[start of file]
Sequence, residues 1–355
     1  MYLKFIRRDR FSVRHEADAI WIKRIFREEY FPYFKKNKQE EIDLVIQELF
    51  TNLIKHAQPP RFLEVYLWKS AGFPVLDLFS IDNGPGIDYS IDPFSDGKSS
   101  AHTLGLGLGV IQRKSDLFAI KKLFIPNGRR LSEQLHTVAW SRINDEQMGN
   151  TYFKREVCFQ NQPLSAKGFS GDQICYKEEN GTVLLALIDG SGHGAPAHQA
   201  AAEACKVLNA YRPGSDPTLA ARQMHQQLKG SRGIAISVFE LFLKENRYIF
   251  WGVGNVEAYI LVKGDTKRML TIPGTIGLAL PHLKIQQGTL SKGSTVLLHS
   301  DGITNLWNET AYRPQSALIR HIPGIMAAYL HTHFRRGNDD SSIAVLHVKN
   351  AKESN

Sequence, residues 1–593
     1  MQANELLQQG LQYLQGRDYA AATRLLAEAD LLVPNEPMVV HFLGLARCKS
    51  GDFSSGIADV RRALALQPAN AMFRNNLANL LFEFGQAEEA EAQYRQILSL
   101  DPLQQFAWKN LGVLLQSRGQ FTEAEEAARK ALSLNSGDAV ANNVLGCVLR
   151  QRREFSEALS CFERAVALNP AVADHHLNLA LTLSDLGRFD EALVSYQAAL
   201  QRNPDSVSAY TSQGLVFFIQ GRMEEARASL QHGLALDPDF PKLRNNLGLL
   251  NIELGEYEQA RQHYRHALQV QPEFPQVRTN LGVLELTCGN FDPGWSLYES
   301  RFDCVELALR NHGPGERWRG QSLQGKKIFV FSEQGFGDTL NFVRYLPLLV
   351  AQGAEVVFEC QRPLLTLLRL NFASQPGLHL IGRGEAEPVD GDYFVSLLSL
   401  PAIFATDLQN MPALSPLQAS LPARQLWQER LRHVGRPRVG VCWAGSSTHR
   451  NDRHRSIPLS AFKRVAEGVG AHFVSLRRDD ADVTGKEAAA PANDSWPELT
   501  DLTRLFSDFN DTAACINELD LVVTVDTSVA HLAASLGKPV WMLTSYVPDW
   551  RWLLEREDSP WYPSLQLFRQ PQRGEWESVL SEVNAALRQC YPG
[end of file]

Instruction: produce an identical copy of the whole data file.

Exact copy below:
Sequence, residues 1–355
     1  MYLKFIRRDR FSVRHEADAI WIKRIFREEY FPYFKKNKQE EIDLVIQELF
    51  TNLIKHAQPP RFLEVYLWKS AGFPVLDLFS IDNGPGIDYS IDPFSDGKSS
   101  AHTLGLGLGV IQRKSDLFAI KKLFIPNGRR LSEQLHTVAW SRINDEQMGN
   151  TYFKREVCFQ NQPLSAKGFS GDQICYKEEN GTVLLALIDG SGHGAPAHQA
   201  AAEACKVLNA YRPGSDPTLA ARQMHQQLKG SRGIAISVFE LFLKENRYIF
   251  WGVGNVEAYI LVKGDTKRML TIPGTIGLAL PHLKIQQGTL SKGSTVLLHS
   301  DGITNLWNET AYRPQSALIR HIPGIMAAYL HTHFRRGNDD SSIAVLHVKN
   351  AKESN

Sequence, residues 1–593
     1  MQANELLQQG LQYLQGRDYA AATRLLAEAD LLVPNEPMVV HFLGLARCKS
    51  GDFSSGIADV RRALALQPAN AMFRNNLANL LFEFGQAEEA EAQYRQILSL
   101  DPLQQFAWKN LGVLLQSRGQ FTEAEEAARK ALSLNSGDAV ANNVLGCVLR
   151  QRREFSEALS CFERAVALNP AVADHHLNLA LTLSDLGRFD EALVSYQAAL
   201  QRNPDSVSAY TSQGLVFFIQ GRMEEARASL QHGLALDPDF PKLRNNLGLL
   251  NIELGEYEQA RQHYRHALQV QPEFPQVRTN LGVLELTCGN FDPGWSLYES
   301  RFDCVELALR NHGPGERWRG QSLQGKKIFV FSEQGFGDTL NFVRYLPLLV
   351  AQGAEVVFEC QRPLLTLLRL NFASQPGLHL IGRGEAEPVD GDYFVSLLSL
   401  PAIFATDLQN MPALSPLQAS LPARQLWQER LRHVGRPRVG VCWAGSSTHR
   451  NDRHRSIPLS AFKRVAEGVG AHFVSLRRDD ADVTGKEAAA PANDSWPELT
   501  DLTRLFSDFN DTAACINELD LVVTVDTSVA HLAASLGKPV WMLTSYVPDW
   551  RWLLEREDSP WYPSLQLFRQ PQRGEWESVL SEVNAALRQC YPG